10. It feels as if we’re all rooting for our hometown hero, hoping, strictly for personal reasons, the team will irrationally give the guy an opportunity to play ahead of someone who’s clearly more talented. In reality, all we’re suggesting here is that the team find a way to get one of its best hitters into the lineup most days. With so many millions of dollars at stake, it’s mind-boggling the way we have to hope, year after year, the organization will somehow (even if inadvertently) make rational decisions.

  11. Here’s a chilling thought:

    What if Winker isn’t even on the 25-man roster on Opening Day?

    It’s not outside the realm of possibility, especially with Revere in camp. I mean, it should be outside the realm of possibility, but with this organization, you never take the logical for granted.

  12. This doesn’t feel like a typo. This feels like Price. Classic Price.

    Sigh x 1000.

    • It has been updated and yes, it was a typo. Feel like sayin’ something like ooops my mistake?

      sighx100000

      • Sure was. I think its sad that we’d even entertain it not being a typo. That says more about Price than just about anything.

        Do I feel like saying oops my mistake? No. I made no mistake.

        • Sorry, you entertained that idea not we. And yes, you made a mistake. The truth will set you free.

          But move on, tomorrow Billy will leadoff again so there,

  13. For those who haven’t noticed, there apparently will be a correction. (See Fay’s tweet, bottom of this article.)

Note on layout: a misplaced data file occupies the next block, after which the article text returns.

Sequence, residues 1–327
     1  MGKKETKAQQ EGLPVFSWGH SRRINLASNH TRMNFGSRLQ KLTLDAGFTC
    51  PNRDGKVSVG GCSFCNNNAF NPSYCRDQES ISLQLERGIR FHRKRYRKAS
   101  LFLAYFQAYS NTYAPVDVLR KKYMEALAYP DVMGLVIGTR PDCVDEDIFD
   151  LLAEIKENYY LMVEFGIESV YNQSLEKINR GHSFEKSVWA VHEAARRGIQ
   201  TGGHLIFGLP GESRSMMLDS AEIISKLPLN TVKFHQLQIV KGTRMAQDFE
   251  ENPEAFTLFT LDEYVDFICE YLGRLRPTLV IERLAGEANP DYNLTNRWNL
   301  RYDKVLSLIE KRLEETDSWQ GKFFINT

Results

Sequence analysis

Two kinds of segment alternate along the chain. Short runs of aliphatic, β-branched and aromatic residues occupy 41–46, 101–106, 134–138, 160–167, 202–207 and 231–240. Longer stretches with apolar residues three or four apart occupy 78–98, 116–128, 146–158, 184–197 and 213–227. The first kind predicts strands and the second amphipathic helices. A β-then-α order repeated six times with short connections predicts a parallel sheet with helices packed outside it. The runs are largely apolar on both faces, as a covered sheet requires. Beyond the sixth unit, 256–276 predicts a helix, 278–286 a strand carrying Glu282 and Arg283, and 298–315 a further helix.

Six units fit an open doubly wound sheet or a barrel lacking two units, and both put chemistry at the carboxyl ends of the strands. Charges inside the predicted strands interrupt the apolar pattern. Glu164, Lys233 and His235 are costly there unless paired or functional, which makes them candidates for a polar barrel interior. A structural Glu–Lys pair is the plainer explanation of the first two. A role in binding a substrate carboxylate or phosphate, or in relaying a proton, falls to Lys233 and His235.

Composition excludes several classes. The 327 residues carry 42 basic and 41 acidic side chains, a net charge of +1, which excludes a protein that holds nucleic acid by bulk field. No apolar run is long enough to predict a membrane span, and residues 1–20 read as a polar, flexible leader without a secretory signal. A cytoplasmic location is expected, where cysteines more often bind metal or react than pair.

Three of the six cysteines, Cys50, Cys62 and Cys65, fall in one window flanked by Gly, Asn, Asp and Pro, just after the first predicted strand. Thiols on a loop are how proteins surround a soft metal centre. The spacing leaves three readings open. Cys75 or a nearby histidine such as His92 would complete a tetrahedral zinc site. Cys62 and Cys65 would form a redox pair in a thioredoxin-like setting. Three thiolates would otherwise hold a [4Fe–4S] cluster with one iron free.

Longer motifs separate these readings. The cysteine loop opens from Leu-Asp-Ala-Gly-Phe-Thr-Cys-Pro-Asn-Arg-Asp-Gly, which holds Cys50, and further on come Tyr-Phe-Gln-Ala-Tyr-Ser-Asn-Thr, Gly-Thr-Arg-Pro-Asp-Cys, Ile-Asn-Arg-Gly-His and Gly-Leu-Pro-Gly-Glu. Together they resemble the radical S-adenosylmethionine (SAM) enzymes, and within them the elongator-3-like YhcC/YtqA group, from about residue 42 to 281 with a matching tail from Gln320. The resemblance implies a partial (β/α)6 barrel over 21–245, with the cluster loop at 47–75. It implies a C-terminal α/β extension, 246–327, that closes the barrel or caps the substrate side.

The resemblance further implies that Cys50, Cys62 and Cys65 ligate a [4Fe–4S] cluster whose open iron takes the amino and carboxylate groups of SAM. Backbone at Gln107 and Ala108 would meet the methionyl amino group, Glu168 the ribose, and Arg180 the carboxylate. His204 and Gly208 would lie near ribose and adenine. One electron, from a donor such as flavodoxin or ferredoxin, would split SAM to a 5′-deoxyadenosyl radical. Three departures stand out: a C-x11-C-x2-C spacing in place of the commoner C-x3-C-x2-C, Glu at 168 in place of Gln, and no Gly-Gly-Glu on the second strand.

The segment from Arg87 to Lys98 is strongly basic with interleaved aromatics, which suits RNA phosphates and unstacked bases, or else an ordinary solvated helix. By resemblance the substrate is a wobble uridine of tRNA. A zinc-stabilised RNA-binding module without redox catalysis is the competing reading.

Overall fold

14. Important note: this article was written by a new ‘contributor’ to the Enquirer, not John Fay (so he’s not – at least at this point – even an employee of the paper, much less a Reds beat writer). Whether via ignorance or nervousness, he got it wrong. I think it’s nothing more than that.

  15. A few things. The article’s byline is for Keith Jenkins, rather than John Fay. Since the article was posted, both C Trent and John Fay have contradicted the assertion, via twitter. I expect Jenkins has Winkler and Ervin mixed up.

    However, the other thing that jumps out is the article says Schebler will play CF when Billy is out. Why would the Reds keep Ervin on the roster and not have him backup CF? He certainly a better defender at that position.

    • Good call on the mix up. As soon as I read it, I thought there had to be a mistake. As much as I criticize Price’s decisions, his allocation of playing time this spring suggests that Ervin might not even be on the 25 man roster coming opening day. Winker is still in the mix.

  16. I read this article this morning and got a good chuckle out of it. Heck, Ervin was destined for Louisville the day Revere was signed.

  17. Thanks editor Chad.
    Why I read Ctrent in the Athletic.
    Enquirer delivers to my driveway 30% of the time. The other 70% I get an email saying it’s late. The journalists are all leaving…they don’t cover high school football scores on Saturday mornings or playoff Box scores for basketball. Their online content is unreadable….with nonstop bombardment of songs and commercials and advertisers….and that’s WITH a paywall.

    Cancel them.

  18. The nugget about a four-man rotation including Ervin is simply too ludricrous to have any validity. It has to simply be a misstatement, accurately quoted.